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9 Things to Do When You Inherit a Database Expand / Collapse
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Posted Monday, June 22, 2009 7:26 AM
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Good article. I would also add having an updated data dictionary helps too.
Post #739362
Posted Monday, June 22, 2009 7:31 AM
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But doing the delet in two stages does reduce the risk a bit doesn't it??
Post #739365
Posted Monday, June 22, 2009 7:52 AM
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I must say that from a maintenance point of view, one of the hardest skills to teach developers is the skill of removing obsolete code. Many developers simply comment old code even if it is in source control or leave it because doing an analysis of whether it is still in use takes more effort. However, from a maintenance standpoint, removing obsolete code is crucial to having a well maintained system.

In SQL Server, unfortunately, all stored procedures are effectively scoped public which makes determining obsolescence difficult. It would be nice if there were a simple way of scoping a procedure such that it could only be executed from another stored procedure and not from the outside.
Post #739384
Posted Monday, June 22, 2009 8:05 AM
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John Gregory (6/22/2009)

...
It sounded like you suggested deliberately causing a problem to get buy-in from your users (...sending out hundreds of thousands of emails). Perhaps I misunderstood this bit. Abusing trust is never a good long-term strategy.
...


I didn't get that impression at all. I got the impression that it might help in cost justification or work policy discussions to mention horror stories from past experiences either with the newly inherited system or other systems where development occurred against production. If it's been going on for any length of time at all, it's very likely a blunder was made at some point that upper level management wishes they could forget.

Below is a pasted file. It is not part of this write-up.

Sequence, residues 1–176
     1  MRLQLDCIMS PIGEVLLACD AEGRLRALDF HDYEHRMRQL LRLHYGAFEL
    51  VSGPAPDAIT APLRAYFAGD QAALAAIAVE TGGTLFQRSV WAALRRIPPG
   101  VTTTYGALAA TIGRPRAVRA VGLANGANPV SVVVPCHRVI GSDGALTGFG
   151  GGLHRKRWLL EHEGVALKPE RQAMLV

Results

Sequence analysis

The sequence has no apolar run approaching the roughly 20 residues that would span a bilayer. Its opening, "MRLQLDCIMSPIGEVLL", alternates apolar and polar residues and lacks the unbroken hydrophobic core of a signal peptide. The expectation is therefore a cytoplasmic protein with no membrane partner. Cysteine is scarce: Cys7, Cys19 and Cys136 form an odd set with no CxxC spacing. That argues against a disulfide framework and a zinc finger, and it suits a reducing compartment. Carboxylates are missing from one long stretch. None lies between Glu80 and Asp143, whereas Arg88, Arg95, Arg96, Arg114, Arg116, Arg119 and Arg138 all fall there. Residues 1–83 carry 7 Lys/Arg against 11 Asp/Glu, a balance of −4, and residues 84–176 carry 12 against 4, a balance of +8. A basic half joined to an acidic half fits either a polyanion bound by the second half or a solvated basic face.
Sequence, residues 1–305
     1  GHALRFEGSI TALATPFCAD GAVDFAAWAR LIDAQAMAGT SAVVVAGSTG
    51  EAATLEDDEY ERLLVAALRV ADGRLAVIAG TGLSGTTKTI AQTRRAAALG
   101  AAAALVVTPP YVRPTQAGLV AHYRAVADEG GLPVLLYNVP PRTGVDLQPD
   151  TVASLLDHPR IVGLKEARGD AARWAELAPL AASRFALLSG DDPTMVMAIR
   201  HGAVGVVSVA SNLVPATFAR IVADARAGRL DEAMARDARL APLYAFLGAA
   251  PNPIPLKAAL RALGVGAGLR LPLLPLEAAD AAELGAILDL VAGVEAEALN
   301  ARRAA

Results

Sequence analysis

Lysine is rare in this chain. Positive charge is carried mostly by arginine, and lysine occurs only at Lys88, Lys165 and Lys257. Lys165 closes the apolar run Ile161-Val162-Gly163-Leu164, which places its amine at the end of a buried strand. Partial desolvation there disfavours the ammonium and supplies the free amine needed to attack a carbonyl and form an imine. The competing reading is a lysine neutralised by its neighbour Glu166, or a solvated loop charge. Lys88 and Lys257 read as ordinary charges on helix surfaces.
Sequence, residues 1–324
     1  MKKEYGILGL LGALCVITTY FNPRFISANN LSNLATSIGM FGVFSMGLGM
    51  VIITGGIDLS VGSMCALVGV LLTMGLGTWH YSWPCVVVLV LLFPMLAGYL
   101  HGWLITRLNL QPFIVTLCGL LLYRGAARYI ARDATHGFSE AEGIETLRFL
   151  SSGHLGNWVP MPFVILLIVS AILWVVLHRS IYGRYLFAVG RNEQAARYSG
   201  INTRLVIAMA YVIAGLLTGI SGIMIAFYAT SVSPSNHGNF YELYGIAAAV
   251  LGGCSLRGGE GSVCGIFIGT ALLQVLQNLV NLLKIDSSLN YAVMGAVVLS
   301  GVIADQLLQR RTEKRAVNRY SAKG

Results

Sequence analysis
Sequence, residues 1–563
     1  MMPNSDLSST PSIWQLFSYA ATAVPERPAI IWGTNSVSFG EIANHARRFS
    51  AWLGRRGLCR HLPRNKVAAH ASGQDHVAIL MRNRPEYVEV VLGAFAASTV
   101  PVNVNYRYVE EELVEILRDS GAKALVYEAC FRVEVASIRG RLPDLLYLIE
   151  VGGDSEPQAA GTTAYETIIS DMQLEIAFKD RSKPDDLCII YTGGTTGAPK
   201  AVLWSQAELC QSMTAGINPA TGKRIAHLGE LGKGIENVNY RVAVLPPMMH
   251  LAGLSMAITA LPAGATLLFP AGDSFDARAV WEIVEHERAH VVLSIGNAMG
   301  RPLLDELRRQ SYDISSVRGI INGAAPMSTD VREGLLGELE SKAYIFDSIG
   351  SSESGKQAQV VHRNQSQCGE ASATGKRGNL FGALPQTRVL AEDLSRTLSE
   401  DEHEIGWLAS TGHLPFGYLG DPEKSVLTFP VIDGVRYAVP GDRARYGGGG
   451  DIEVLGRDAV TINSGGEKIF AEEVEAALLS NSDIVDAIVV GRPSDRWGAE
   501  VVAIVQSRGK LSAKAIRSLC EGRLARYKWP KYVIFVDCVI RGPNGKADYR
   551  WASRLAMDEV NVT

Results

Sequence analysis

This point ties in well with mzak's point about reviewing security policies. If developers have no rights on the production system, they won't be tempted to run that poorly tested "quick fix" when nobody's looking.

Good overview article and follow-up discussion.



Post #739394
Posted Monday, June 22, 2009 8:07 AM
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Sylvia - nice article to get started with. I also like to look at performance monitor to get an idea of peak load on the CPU, Memory, Disk utilization, etc. And I'm a big fan of the idea of renaming objects - and keeping them for a year (if you just inherited the database and/or server). Too many objects get used for one tiny, but critical, app that gets run once per year... No point in taking any chances. After the year is up - feel free to delete all of those renamed objects.
Post #739395
Posted Monday, June 22, 2009 8:11 AM
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You said nothing about checking security. I still find SQL servers with a default blank password. Everybody who ever worked there has full access to the server.

Tom Groszko
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Posted Monday, June 22, 2009 8:19 AM
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A good list. The article states - assuming you're a developer and not a dba, so the tuning issues are more on a dba's plate.

What keeps many of us up at night is not having our heads around the db well enough to understand what's going on. Performance tuning while important is not mission-critical unless there are serious user complaints.

The concept of (potentially) obsolete elements is another issue. The need to delete them is rarely mission critical, deleting something that's still needed becomes that. Yes, there can be issues with available space (large tables no longer needed) and it's a pain to wade through a bunch of no longer needed SP's, etc. My recommendation is document as many of the objects as you can where used, etc. - may take weeks or months. Anything not obviously used can get the XXX prefix treatment (or copied to an archive location) for at least a year.
Post #739407
Posted Monday, June 22, 2009 8:23 AM


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I would suggest verifying that the recovery model is in line with how the backups are being taken. All too often I have taken over a server that is set to the full recovery model, while there are no transaction log backups being made.

Post #739414
Posted Monday, June 22, 2009 8:39 AM


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It's a good list, though like others, I think deletion is hard one.

I'm for renaming the objects for 13 months, give time for an end of year process to come, and then roll them off month by month after that. If no one's complained in that time period, it's likely not being used. Could it be? sure, but you can script the code, include it in a backup, or even leave it in a folder on the server. Not the world plan in trying to keep a clean system over time







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Post #739441
Posted Monday, June 22, 2009 8:46 AM
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I'd like to see this kind of article geared towards DBA's rather than developers. The Backups one would be a definite for both though.
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